MONUMENT - The gravesite of Elizabeth M. (Smith) Dinwiddie received a headstone and memorial plaque on Oct. 4, just 103 years after she died near Top in Northern Grant County.
The single gravesite was located on property owned by Gus and Ruth Peterson, who attended the service along with Roy and Carolyn Peterson and daughters Jana and Jennifer.
Dinwiddie family members came from Baker City and Richland, Heppner, Hood River, Portland, and Spanaway, Wash., and Tacoma, Wash., to attend the "monumental" event. Those present included Dean and Mary Eleanor Gilman, Fern Pope, Vikki Church, Gary and Marian Dinwiddie, John and Shirley Dinwiddie, John and Rachel Dinwiddie Harvey, Jack and Elenora "Corkie" Dinwiddie Gardner, and family historian Donna Dinwiddie Thurmon of Tacoma.
Representing the Grant County Genealogical Society were Dean and Betty Elliott and Sharon Haynes.
Information recorded includes the following: Elizabeth Smith was born in Kentucky on Oct. 11, 1822. She married John Wesley Dinwiddie on March 25, 1841 in Cass County, Ill. The couple had 10 children, four of whom died young. The remaining six children included Mary J., Lavina Isabel "Belle," Sophia Matilda, Samuel Thomas, Miranda Irene and James Robert. Elizabeth Dinwiddie died at Top on Oct. 25, 1899. Mr. Dinwiddie died in 1905 in Whitman County, Wash.
A granddaughter of the Dinwiddies, the recently deceased 93-year-old Lavina Dinwiddie Hampton, had recorded: "John Wesley and Elizabeth migrated from Kansas on an emigrant train with four families to a car. Each car had a pot-bellied stove in the middle, used for heating and cooking, and each family had its own corner."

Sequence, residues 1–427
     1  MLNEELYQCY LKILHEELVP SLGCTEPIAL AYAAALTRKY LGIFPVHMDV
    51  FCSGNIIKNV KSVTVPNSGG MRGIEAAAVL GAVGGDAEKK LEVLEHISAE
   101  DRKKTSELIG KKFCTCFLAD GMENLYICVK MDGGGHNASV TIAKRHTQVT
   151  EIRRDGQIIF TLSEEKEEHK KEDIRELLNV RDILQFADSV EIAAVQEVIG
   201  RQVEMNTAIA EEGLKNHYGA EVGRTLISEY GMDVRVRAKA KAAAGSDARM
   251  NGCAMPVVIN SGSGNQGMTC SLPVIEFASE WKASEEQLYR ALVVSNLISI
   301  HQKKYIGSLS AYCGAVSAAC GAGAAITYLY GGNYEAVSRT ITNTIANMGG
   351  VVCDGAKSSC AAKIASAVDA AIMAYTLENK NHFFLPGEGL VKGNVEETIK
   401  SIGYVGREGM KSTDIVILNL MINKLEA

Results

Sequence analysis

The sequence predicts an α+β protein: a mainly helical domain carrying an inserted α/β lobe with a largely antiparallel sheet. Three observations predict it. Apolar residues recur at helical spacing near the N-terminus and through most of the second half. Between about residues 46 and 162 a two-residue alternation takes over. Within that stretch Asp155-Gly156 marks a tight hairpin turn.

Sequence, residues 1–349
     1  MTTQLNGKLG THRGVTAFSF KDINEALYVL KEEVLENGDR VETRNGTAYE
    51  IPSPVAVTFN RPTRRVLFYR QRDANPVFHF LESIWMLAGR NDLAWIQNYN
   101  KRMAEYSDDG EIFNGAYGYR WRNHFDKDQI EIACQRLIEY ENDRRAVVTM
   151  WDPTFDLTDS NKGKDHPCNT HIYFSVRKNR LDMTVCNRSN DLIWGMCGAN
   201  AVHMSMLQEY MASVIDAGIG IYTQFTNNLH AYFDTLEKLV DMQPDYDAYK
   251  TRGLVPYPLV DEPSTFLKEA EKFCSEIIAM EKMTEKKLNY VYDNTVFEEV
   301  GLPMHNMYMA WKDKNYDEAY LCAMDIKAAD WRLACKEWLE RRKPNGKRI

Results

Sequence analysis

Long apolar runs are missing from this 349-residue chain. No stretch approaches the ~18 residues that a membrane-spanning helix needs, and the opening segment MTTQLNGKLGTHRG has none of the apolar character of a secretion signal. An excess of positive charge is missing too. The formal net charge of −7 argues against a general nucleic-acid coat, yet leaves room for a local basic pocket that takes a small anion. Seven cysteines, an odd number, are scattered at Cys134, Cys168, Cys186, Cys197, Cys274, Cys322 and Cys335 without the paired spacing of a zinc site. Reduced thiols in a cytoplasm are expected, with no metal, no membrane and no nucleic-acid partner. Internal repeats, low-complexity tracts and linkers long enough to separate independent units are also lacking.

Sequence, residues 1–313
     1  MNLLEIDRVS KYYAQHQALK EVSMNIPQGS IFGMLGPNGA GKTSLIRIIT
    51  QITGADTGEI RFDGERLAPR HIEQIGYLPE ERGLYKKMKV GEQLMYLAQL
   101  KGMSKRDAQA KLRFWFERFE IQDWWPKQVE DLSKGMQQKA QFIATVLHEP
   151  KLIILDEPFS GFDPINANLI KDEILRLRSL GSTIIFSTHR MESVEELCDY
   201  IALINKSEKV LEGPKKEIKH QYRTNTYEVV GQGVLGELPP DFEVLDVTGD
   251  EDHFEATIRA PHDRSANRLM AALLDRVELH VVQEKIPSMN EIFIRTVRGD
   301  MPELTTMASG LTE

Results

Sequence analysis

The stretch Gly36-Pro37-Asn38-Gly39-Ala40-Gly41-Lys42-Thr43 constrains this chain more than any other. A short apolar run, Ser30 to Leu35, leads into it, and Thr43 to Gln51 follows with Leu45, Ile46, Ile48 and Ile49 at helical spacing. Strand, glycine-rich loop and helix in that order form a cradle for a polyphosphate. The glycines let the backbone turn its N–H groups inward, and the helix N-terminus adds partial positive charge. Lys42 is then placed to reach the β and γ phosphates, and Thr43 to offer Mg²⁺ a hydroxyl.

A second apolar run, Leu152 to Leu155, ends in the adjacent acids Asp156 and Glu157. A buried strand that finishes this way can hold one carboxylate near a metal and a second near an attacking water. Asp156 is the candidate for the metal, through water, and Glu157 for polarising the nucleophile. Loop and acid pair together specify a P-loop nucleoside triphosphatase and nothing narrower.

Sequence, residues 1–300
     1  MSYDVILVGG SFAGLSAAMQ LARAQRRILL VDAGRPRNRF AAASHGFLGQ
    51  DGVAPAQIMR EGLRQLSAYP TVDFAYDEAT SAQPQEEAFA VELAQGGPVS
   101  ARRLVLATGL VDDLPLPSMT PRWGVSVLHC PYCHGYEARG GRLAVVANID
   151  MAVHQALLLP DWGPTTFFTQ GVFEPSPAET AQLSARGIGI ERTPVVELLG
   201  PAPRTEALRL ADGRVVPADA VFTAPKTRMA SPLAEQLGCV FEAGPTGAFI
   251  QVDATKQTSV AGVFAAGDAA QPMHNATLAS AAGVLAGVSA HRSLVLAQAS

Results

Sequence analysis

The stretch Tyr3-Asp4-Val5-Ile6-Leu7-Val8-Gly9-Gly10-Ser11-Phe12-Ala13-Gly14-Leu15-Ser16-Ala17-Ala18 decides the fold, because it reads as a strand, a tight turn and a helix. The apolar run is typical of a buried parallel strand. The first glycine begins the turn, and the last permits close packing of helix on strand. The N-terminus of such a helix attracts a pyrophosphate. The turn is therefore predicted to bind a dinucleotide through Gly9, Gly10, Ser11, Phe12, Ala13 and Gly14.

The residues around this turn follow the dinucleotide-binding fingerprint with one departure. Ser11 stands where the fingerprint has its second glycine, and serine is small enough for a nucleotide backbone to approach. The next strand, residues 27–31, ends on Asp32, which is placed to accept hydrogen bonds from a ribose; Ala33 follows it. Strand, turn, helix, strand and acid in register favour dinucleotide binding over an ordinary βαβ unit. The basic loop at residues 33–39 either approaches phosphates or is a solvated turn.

According to the 1900 census for Monument and the Bureau of Land Management, original land patents for Dinwiddies in Grant County, family history discovered that Samuel T. Dinwiddie filed on four quarters of land in 1904 and one quarter in 1921. His daughter, Flossie also filed on 12 quarters in a nearby township.
During the Oct. 4 ceremony, a frame was built and cement was poured to anchor a memorial plaque. One family member stated, "I feel Elizabeth is watching us saying 'About Time!' "
Heather's opinion on skateboarders/rollerbladers: Our experience here at the Blue Mountain Eagle has not been positive concerning skateboarders/rollerbladers. Because of our location, paved parking lot and several steps and curbs used as jumps, this property has been attractive and used by skateboarders and rollerbladers, sometimes during business hours but usually evenings or weekend hours.
The result has been damage to our building, chipped curbs, unsightly waxing of our curbs and steps posing a safety hazard, and trash left behind by the youths. Ground lights by our sign were broken or removed. Repeated requests to stop the sport on these premises were ignored, sometimes with disrespectful response from repeat offenders. Signs that were placed prohibiting the sport were removed.
In some areas we now have placed guards and sprayed the sidewalk with a "No Skateboarding" sign, an action we resisted for at least three years. While we do not think every youth that skateboards/rollerblades is destructive and disrespectful, our experience has not been a good one. "Having fun" should not involve damage to property or mouthing off to people who care, which has happened here.
The establishment of a skate park may be a possibility if those interested in the sport organize and seek community support, but there also are liability and safety issues to be considered. Again, without responsible skateboarders/rollerbladers and parental supervision a few may spoil it for the group.
"The most powerful agent of growth and transformation is something more basic than any technique; a change of heart."- John Welwood.
If you have interesting tid-bits about Grant County people, contact Heather at 575-0710 or e-mail email@example.com.